But thanks to his bootstrapping, Apoorva proved that the Instacart app had real value. As a result, he raised
$2.9 billion in funding from 37 investors as of 2022.
The Instacart MVP also helped show the one thing that matters to any investor—market viability. Let’s tackle that next.
Testing product viability
Showing how your app works with an MVP is all well and good, but unless you can prove it has a
real market need, you’ll likely struggle to get investors on board.
History is riddled with startups with amazing app ideas that failed when launched onto the market.
One perfect example is the failed startup Dinnr, a service that delivers pre-packed ingredients to users based on a recipe.
The idea is that people could enjoy the joys of home cooking without the guesswork.
Michal Bohanes | Medium
To founder Michal Bohanes’s credit, he did his homework and conducted market research to see the viability of this idea.
received positive responses—70% of respondents claimed they would use the service. So he was sure he was onto something.
But to his surprise, that’s not what happened when he launched the service. The first week only had 12 orders and the situation never improved from there.
The reality was there was no market need for Dinnr.
This example showed that even market research could give flawed data.
It turns out that what people say is far different from
what they do. And an MVP—being the actual app—can help you uncover a real market need.
But an MVP can do more than validate your app with end users. It could also give you real revenue data to back up that claim.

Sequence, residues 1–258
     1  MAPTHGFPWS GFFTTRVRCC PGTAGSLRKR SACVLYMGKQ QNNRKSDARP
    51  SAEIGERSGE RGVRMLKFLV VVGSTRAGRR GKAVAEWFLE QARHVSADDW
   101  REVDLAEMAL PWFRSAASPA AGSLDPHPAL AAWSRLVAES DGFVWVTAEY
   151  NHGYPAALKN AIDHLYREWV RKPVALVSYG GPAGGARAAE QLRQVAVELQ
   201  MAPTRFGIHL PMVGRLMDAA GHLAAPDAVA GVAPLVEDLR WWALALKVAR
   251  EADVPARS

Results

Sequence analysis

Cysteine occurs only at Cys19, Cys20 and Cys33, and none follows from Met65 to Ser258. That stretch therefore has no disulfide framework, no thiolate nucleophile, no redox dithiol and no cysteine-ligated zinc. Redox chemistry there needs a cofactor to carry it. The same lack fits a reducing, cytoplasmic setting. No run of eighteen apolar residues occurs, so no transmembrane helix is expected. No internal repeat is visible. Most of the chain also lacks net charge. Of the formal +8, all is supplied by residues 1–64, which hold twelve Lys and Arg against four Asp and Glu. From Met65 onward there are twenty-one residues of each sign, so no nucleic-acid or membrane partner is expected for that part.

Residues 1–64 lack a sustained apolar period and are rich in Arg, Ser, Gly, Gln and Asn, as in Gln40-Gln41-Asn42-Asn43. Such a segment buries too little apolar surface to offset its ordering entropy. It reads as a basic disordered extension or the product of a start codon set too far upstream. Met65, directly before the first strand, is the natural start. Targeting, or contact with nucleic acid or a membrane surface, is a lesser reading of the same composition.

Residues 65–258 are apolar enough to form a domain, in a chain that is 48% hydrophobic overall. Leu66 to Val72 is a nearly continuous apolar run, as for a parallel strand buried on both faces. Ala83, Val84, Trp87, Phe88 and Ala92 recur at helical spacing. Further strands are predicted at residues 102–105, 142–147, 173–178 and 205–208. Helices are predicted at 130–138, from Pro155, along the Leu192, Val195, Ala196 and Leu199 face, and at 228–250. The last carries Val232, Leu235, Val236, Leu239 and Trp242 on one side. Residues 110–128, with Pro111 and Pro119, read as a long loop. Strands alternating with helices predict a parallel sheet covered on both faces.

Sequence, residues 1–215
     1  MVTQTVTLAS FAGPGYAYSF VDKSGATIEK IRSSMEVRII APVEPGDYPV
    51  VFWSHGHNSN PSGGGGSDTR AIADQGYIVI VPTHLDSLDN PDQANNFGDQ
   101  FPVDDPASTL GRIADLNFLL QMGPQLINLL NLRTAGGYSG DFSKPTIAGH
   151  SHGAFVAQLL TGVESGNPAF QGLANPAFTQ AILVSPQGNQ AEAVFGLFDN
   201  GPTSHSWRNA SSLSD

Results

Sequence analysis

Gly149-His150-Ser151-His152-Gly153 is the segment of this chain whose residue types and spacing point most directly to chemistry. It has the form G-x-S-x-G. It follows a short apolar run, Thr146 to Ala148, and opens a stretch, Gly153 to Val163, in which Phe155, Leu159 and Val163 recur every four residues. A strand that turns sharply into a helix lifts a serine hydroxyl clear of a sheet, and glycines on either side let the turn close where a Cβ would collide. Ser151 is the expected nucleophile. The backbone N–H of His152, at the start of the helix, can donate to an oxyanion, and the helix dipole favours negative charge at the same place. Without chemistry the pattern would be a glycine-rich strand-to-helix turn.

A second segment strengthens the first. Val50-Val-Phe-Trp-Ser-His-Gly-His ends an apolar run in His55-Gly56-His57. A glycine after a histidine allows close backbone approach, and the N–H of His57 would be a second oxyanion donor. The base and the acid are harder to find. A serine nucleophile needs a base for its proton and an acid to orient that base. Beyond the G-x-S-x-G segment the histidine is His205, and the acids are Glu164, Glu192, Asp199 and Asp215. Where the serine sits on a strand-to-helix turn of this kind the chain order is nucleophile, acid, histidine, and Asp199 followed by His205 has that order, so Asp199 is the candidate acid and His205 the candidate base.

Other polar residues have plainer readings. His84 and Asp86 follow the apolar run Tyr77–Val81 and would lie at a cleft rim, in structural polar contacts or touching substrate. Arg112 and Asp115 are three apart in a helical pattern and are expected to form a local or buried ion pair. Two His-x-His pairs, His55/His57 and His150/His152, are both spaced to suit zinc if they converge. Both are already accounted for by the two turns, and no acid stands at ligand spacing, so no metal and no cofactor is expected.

Two of the most important metrics here are
customer acquisition cost (CAC) and customer lifetime value (CLTV), and their relationship to each other.
CAC tells how much you spend to acquire a user, which includes marketing and advertising costs. In other words, it’s the app’s expense metric.
CLTV, on the other hand, tells you how much revenue a user is bringing you over the entire lifetime they’re engaging with your app. In contrast to CAC, CLTV is your app’s income metric.
When put together in a CAC/CLTV ratio, it tells you
how profitable your app is.
If CLTV is less than or equal to CAC, your app is losing money. But if your CLTV is greater than CAC, then your app is making a profit—and worth investing in.
Remember, MVPs don’t give projections but the
actual numbers in the field.
That is the most effective way to attract investors because it gives them confidence that they’ll get a return on their investment.
Proving your product commitment
One fear most investors have is that the project they’ve put their money into isn’t going to launch.
It might be due to a lack of funds, a poor team, or a weak market need. Worse, it could be a scam all along.
This happened with